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IPA's are at the forefront of style development, in part because there are intensive projects to breed new varieties of hops that are exciting with new flavors and aromas not seen before. There's also a renewed focus on local produce and freshness of IPA plays a massive role in the experience. There's only so much you can do with malt and yeast. Additionally, from a business and production perspective, IPA's are a relatively easy style for a small, perhaps less technically capable and experienced local brewery can make, as the hops will cover a lot of otherwise apparent process flaws.
 
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Noodle Soup

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IPA's are at the forefront of style development, in part because there are intensive projects to breed new varieties of hops that are exciting with new flavors and aromas not seen before. There's also a renewed focus on local produce and freshness of IPA plays a massive role in the experience. There's only so much you can do with malt and yeast. Additionally, from a business and production perspective, IPA's are a relatively easy style for a small, perhaps less technically capable and experienced local brewery can make, as the hops will cover a lot of otherwise apparent process flaws.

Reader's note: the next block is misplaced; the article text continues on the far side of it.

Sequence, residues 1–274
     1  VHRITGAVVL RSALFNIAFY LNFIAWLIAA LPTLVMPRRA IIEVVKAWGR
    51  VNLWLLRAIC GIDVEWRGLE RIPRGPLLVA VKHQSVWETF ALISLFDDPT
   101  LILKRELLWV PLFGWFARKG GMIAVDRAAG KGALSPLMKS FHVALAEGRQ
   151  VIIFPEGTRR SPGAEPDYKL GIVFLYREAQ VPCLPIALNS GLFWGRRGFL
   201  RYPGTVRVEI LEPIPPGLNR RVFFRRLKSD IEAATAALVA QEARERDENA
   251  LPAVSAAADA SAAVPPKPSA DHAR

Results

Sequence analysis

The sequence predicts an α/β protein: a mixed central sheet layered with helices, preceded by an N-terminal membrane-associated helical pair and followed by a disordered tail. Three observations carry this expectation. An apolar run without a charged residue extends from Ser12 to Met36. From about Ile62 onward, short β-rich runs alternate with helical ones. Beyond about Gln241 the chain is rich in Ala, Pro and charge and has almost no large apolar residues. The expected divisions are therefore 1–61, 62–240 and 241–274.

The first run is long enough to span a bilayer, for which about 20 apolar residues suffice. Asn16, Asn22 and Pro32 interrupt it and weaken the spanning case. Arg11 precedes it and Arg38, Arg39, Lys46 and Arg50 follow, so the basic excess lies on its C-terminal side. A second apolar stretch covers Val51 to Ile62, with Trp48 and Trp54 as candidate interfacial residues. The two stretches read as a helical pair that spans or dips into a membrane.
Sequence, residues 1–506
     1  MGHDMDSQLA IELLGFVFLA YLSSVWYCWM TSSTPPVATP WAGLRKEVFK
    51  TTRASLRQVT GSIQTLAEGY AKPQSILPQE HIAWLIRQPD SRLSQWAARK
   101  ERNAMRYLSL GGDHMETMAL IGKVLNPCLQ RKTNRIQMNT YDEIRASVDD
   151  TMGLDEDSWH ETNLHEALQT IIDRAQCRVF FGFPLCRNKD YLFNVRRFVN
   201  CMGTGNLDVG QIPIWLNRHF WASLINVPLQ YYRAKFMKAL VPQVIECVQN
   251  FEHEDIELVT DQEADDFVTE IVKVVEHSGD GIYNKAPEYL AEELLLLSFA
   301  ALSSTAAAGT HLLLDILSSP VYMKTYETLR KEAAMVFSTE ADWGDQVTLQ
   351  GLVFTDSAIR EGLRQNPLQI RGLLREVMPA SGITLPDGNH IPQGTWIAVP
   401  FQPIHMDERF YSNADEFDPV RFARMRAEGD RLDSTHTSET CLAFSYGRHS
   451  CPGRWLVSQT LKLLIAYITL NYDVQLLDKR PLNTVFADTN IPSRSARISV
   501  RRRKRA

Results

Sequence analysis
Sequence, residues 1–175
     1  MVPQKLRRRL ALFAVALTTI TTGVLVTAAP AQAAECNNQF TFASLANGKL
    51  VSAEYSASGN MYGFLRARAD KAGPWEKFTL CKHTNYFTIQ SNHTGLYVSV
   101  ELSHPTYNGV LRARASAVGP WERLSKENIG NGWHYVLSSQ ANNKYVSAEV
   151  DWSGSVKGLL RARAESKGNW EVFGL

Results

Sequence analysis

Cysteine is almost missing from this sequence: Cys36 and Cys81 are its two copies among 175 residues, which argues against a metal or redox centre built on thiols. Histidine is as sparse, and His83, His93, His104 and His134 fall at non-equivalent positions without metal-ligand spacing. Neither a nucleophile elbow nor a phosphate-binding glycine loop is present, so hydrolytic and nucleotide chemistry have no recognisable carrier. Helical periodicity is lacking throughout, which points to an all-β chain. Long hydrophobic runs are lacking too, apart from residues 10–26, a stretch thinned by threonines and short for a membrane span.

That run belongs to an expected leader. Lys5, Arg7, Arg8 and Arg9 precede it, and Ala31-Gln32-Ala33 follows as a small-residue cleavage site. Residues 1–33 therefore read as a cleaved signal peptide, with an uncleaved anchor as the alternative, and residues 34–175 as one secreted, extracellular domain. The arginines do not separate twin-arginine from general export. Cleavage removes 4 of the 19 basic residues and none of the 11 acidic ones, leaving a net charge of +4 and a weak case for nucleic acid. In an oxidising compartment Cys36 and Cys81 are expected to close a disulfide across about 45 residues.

Exactly, as a long time home brewer, extra hops can cover a lot of flaws in a brew. Of course, top fermenting ales don't require the cold temperature aging bottom fermenting lagers do, making them more cost effective for the "micro brewers." I used to only brew lagers in the winter when I could age them in the unheated barn.